Read Like a Writer Book Club

[W]reading Wednesdays Begin!

Stack of book on my desk.  Photo: Theresa Duncan

Reading season is here! You, a book, and (choose from the following:) a) a park bench, b) a community pool, c) a beach (lucky you!), d) a reading nook, e) a coffee house, f) all of the above. That scenario feels like a day off to most writers. We are constantly reading at least one book, it seems. I have two right now: one fiction for my local indie bookstore’s club, one non-fiction on writing. As Stephen King says, “If you don’t have time to read, you don’t have the time (or the tools) to write.” We writers take this advice very seriously.

Reading Like a Writer

Stacking Stones Writers “book club” is different than many. Each Wednesday, I will post a summary of a book I have read in the last two months in the genres of fiction, non-fiction, and memoir, including a short summary of the book. The twist: I will give you a list of three or four ways in which reading that book might give you ideas of style, layout, and tools to help you in your own writing.

Sound cool? I think so!

Your role? Read whichever book(s) appeal to you and post how reading this book may have solved something in your own writing.

Ready? Let’s begin!

A Job You Mostly Won’t Know How To Do by Pete Fromm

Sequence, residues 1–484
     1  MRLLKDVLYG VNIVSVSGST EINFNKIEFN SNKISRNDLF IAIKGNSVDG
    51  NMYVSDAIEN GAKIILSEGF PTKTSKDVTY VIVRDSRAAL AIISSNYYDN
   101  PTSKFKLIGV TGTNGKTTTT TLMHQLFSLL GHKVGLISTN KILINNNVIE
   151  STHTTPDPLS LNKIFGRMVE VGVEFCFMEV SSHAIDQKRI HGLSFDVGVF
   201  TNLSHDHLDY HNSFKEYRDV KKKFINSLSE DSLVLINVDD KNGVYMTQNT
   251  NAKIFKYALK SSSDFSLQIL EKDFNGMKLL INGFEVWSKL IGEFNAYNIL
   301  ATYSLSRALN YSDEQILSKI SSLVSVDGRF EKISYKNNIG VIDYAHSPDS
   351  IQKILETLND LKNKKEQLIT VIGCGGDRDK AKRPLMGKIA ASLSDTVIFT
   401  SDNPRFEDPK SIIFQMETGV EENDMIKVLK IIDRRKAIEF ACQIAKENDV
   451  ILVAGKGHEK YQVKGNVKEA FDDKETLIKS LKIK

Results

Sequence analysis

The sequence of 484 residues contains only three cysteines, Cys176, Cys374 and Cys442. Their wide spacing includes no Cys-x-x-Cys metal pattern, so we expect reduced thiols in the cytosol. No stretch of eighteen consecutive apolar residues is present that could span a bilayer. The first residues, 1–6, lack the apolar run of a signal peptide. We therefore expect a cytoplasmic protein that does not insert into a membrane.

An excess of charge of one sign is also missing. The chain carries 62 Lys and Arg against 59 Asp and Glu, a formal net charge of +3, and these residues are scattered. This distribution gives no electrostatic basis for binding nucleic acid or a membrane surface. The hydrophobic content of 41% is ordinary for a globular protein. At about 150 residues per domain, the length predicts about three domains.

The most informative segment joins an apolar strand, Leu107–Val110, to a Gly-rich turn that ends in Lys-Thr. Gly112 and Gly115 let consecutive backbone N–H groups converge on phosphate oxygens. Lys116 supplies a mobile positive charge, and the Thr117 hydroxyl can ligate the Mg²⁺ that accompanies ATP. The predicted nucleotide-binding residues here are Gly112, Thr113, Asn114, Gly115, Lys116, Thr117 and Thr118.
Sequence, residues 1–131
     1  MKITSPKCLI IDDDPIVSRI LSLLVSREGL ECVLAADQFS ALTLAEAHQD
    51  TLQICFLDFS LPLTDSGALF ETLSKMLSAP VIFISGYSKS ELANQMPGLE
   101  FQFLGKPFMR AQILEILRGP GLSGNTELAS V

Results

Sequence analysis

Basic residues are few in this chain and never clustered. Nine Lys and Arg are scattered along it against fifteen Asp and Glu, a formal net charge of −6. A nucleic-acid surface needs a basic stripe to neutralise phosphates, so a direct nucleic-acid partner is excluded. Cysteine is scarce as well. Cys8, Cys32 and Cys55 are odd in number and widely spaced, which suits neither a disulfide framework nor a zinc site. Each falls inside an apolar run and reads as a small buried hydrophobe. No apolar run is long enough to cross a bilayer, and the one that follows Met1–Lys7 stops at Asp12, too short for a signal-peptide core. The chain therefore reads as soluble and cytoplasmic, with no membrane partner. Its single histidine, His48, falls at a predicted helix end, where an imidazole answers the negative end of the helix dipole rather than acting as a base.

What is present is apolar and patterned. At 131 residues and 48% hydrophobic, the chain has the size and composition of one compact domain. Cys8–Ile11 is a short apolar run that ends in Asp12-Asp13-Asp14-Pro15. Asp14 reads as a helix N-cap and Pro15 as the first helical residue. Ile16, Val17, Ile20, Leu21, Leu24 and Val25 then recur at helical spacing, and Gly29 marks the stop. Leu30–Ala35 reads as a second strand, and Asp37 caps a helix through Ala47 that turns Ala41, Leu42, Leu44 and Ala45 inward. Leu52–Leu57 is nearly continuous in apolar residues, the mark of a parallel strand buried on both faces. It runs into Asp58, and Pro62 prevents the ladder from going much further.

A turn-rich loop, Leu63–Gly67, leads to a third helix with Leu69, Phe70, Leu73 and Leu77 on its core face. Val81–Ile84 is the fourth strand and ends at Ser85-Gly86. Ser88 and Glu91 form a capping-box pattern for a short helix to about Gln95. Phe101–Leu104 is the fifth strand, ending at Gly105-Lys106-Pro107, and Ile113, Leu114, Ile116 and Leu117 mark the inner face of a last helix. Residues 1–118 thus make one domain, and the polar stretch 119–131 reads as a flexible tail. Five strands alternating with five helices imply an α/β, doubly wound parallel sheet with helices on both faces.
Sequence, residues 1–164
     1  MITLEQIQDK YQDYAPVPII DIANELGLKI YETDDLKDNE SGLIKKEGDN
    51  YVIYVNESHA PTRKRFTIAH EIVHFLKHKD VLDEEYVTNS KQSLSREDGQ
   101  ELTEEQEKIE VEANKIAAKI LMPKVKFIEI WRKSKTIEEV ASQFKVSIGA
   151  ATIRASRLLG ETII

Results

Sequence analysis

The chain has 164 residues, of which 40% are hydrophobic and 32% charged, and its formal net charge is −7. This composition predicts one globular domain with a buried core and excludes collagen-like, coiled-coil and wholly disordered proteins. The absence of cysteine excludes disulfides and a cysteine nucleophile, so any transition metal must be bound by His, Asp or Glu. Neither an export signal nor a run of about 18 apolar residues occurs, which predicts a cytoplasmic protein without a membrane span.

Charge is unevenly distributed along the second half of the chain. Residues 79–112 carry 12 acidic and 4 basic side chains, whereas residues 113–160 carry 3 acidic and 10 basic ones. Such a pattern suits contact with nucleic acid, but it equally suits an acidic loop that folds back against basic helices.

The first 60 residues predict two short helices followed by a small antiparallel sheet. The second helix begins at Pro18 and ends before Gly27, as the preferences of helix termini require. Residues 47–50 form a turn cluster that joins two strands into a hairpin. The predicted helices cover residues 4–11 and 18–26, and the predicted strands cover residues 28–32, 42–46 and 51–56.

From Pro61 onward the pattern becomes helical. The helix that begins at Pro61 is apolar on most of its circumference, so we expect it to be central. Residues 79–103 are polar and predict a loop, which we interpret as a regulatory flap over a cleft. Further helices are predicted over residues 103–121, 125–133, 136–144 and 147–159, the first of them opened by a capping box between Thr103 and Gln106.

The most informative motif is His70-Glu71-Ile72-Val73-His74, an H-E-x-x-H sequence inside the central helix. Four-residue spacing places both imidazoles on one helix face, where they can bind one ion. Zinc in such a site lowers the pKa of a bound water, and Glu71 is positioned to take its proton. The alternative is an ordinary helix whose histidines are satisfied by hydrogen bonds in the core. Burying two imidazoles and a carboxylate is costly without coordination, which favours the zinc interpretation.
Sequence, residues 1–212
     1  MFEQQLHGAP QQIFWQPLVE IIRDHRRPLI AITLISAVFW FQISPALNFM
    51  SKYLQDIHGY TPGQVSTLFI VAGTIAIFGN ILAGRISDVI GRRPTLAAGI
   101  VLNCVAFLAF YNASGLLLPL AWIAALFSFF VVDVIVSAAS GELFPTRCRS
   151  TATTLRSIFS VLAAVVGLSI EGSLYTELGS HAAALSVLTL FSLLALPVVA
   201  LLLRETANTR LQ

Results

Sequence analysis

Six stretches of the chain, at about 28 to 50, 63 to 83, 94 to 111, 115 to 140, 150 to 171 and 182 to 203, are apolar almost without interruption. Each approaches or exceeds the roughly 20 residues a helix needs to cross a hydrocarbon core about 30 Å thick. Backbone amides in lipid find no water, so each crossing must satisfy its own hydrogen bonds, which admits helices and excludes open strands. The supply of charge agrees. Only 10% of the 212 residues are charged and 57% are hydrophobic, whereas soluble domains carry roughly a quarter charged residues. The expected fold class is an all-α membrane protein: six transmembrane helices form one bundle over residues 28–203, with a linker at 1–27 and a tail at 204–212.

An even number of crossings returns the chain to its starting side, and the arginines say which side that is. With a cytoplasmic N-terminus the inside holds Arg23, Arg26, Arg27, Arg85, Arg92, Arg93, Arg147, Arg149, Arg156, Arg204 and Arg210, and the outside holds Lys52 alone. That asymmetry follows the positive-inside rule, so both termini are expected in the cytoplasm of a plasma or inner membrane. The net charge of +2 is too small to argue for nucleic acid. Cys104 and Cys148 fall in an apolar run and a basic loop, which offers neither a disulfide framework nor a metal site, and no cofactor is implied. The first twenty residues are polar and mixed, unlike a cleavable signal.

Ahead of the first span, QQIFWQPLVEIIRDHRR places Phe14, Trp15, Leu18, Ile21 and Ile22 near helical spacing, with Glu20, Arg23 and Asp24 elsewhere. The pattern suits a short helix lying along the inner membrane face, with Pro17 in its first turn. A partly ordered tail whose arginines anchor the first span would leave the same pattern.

2019; Counterpoint, Berkeley, CA; 324 pages; $26.


This fiction novel is about a young couple just starting their lives together in a fixer-upper in Missoula, Montana.  When Marnie dies in childbirth, Taz must learn to raise their daughter, Midge, by himself.  A carpenter, Taz struggles to find a balance of work and parenting a newborn alone, while his friend, Rudy, and others help however they can, however Taz will let them.   

Read Like a Writer:

Things to notice:

  • Short chapters keep the reader moving and helps alleviate some weight of the protagonist’s grief and struggle. How might this format help in your writing?
  • Material is arranged as a timeline, rather than in chapter titles, beginning two months before the birth and ending after Day 509 with Day One, indicating the start of something new. How might this format help your readers?
  • The city of Missoula, Montana, and the surrounding area, as well as the characteristics of the area, are well rendered and accurately reflect what it is like to live in Missoula, as I have.  (Not much detail about the setting, but enough so you get the gist of what it is like to live here.) Whether fictitious or real, how well do you know the place you are writing about?
  • Fromm uses believable characters, dialogue, and actions to show, rather than tell, the plight of his protagonist. How could you add dialogue to a slow section of your own work?

If you choose this book, please comment how reading this book like a writer helped you.

Happy reading… ~T

At Stacking Stones Writers, I seek to create a community of writers, a place you can go to find encouragement for your passion – writing.  Please follow the Stacking Stones Writers blog to have easy access to all the tips, tools, and ideas shared here.  Thank you!

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